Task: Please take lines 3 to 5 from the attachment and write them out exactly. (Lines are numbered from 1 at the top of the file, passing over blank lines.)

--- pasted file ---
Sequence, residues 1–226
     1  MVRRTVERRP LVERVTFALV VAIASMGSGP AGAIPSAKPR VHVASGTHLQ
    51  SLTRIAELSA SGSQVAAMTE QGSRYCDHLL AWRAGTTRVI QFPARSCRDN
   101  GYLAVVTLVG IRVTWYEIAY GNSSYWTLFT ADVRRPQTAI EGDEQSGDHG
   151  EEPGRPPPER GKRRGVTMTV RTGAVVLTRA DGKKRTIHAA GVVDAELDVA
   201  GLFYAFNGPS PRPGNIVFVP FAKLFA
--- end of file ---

    51  SLTRIAELSA SGSQVAAMTE QGSRYCDHLL AWRAGTTRVI QFPARSCRDN
   101  GYLAVVTLVG IRVTWYEIAY GNSSYWTLFT ADVRRPQTAI EGDEQSGDHG
   151  EEPGRPPPER GKRRGVTMTV RTGAVVLTRA DGKKRTIHAA GVVDAELDVA